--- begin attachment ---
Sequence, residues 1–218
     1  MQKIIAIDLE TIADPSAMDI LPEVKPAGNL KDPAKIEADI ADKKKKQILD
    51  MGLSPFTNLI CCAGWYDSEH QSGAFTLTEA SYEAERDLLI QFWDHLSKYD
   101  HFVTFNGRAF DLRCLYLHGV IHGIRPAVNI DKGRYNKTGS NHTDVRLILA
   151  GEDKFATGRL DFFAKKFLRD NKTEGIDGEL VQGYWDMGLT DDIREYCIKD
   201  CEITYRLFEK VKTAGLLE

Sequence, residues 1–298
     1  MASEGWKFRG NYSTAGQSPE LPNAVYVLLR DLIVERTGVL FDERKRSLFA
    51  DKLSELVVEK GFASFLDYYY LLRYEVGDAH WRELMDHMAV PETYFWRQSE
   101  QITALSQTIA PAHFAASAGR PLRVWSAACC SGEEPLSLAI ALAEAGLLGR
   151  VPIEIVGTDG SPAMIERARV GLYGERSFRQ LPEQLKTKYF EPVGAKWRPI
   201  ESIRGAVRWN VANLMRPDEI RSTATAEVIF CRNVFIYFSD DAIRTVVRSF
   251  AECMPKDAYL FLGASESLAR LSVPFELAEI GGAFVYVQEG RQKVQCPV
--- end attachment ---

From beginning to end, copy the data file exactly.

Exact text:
Sequence, residues 1–218
     1  MQKIIAIDLE TIADPSAMDI LPEVKPAGNL KDPAKIEADI ADKKKKQILD
    51  MGLSPFTNLI CCAGWYDSEH QSGAFTLTEA SYEAERDLLI QFWDHLSKYD
   101  HFVTFNGRAF DLRCLYLHGV IHGIRPAVNI DKGRYNKTGS NHTDVRLILA
   151  GEDKFATGRL DFFAKKFLRD NKTEGIDGEL VQGYWDMGLT DDIREYCIKD
   201  CEITYRLFEK VKTAGLLE

Sequence, residues 1–298
     1  MASEGWKFRG NYSTAGQSPE LPNAVYVLLR DLIVERTGVL FDERKRSLFA
    51  DKLSELVVEK GFASFLDYYY LLRYEVGDAH WRELMDHMAV PETYFWRQSE
   101  QITALSQTIA PAHFAASAGR PLRVWSAACC SGEEPLSLAI ALAEAGLLGR
   151  VPIEIVGTDG SPAMIERARV GLYGERSFRQ LPEQLKTKYF EPVGAKWRPI
   201  ESIRGAVRWN VANLMRPDEI RSTATAEVIF CRNVFIYFSD DAIRTVVRSF
   251  AECMPKDAYL FLGASESLAR LSVPFELAEI GGAFVYVQEG RQKVQCPV